Eminent Domain dispute in the Missouri Supreme Court

Yesterday, the St. Louis Post-Dispatch reported from the hearing at the Supreme Court. The issue being considered here is whether the Missouri state consitution allows a small city like Arnold to take private property for commercial development. Here are both sides of the argument:

Sandefur argued that the Missouri Constitution gives the power of eminent domain only to chartered cities.

Arnold is a third-class city under Missouri law and does not have its own charter. Therefore, he said, it had no legal authority to try to take Tourkakis’ office.

But Gerard T. Carmody, an attorney for Arnold, said he could find nothing in the Constitution that prohibited a third-class city from using eminent domain after declaring an area as blighted for redevelopment.

Such a declaration was made by the Arnold City Council before property was purchased for the 54-acre shopping center.

“The constitution tells us that . . . the clearing of blight is a public purpose,” Carmody argued.

Even so, Chief Justice Laura Denvir Stith noted from the bench that Jefferson County Circuit Judge M. Edward Williams had found that Arnold had no consitutional authority to use eminent domain for a commercial project.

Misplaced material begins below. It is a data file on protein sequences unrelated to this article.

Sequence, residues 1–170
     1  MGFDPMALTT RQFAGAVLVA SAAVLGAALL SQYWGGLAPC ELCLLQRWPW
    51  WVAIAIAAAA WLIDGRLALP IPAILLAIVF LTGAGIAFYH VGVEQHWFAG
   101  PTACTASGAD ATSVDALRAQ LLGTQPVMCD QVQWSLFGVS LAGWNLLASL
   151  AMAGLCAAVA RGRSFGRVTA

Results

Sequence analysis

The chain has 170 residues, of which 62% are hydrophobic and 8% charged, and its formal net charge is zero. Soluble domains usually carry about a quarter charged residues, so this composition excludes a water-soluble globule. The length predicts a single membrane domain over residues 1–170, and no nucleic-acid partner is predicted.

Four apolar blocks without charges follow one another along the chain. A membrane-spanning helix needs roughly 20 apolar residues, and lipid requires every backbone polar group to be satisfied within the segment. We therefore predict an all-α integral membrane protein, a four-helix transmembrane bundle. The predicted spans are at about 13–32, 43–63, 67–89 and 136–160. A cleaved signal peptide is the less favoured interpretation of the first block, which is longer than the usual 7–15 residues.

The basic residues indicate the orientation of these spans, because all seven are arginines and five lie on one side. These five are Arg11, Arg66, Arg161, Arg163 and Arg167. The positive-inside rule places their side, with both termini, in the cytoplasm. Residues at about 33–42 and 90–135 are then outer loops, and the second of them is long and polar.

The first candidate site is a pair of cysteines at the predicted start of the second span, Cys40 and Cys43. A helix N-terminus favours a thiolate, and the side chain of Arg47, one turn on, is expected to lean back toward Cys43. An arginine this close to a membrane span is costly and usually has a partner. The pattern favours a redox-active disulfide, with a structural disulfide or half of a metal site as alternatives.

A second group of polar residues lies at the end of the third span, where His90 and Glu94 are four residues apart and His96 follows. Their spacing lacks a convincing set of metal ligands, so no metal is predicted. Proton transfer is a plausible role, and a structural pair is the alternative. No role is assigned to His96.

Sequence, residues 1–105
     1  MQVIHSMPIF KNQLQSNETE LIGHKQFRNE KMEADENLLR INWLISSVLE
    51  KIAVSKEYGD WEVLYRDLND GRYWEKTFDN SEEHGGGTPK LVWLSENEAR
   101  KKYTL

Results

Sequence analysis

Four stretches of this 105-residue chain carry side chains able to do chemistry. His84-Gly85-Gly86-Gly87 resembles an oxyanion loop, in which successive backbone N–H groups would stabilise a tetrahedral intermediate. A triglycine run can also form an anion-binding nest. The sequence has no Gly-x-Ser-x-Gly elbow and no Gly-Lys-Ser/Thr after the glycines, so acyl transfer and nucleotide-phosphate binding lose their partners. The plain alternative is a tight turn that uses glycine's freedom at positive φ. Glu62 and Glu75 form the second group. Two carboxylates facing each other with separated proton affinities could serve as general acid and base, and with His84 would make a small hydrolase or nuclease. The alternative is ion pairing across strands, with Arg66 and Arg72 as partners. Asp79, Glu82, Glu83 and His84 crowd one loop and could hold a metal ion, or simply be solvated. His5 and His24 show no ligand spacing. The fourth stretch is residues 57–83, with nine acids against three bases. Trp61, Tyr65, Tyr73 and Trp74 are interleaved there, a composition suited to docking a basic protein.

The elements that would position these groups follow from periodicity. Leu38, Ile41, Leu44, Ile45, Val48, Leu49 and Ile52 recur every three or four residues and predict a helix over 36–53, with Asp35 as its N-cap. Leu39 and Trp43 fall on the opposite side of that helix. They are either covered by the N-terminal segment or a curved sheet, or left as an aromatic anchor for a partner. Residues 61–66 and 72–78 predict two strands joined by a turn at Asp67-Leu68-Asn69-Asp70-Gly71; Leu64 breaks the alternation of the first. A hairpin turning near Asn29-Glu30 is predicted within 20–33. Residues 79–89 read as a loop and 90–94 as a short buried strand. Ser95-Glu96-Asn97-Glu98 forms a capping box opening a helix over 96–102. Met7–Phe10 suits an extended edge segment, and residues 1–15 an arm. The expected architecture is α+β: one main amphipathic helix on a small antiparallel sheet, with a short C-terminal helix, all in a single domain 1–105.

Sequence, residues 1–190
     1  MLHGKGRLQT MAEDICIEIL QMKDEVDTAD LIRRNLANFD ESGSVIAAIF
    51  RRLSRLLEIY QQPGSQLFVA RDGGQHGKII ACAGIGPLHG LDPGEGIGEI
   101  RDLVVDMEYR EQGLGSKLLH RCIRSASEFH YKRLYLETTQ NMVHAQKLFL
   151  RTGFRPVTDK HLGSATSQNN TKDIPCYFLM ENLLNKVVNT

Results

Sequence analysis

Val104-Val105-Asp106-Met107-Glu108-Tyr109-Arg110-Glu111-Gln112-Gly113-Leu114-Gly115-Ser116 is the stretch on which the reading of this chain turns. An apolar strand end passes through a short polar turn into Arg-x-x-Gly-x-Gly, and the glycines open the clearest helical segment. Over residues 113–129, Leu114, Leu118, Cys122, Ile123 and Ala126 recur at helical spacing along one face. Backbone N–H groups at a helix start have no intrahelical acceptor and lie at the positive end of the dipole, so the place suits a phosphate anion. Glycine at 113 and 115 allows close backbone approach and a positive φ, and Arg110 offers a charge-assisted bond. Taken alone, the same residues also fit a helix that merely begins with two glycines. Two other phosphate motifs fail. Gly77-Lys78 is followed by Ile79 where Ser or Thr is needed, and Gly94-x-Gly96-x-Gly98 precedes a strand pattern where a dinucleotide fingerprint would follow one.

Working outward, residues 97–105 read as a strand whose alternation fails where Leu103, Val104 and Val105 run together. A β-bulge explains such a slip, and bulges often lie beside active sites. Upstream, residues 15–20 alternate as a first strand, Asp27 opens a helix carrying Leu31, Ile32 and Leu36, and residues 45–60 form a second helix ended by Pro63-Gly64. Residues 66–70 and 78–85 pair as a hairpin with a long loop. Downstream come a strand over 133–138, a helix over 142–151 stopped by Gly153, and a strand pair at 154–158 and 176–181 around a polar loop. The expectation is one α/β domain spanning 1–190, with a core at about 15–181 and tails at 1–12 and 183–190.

Carmody argued that it was never the intent of the framers of the Constitution or the Legislature to prevent smaller, non-chartered cities from declaring areas blighted and then taking measures to alleviate the blight. That includes the power of eminent domain, he said.

Meanwhile, local station, KOMU-TV focused on the importance of this case for property owners across the state:

The Missouri Supreme Court heard the final arguments for city of Arnold v. Homer R. Tourkakis Thursday. Tourkakis’s case is one of many business owners in jeopardy of losing his business. This is a crucial case for families and business owners who may also lose their homes to eminent domain.

Virginia Marth has lived in the same house since birth. But, Marth may not spend the last years of her life there.

“I can’t imagine the idea of it not being in our family. That someone wouldn’t be living there,” said Marth.

Her city government is trying to take her family’s home under eminent domain.

“The value to me is beyond the real estate value,” said Penelope Marth, daughter.

In Springfield, Mo., the News-Leader published a piece by Dave Roland of the Show-Me Institute. It’s “Voice of the Day” designation is well-deserved:

One hundred years ago, there would have been absolutely no doubt that the court would side with Tourkakis. Missouri’s Bill of Rights has four separate provisions that emphasize citizens’ fundamental right to keep what they own unless their property is necessary for a true public use, like roads, parks, or public buildings. The early cases interpreting those provisions made clear that the right of individuals to “enjoy the gains of their own industry” was vital, and could not be subverted unless the government proved the necessity of violating that right.

During the last 50 years, however, judges have steadily given municipalities, unelected government authorities, and even some private companies more and more power to take homes, businesses, and houses of worship from their owners so that other private interests could profit from them.

It’s worth reading in its entirety.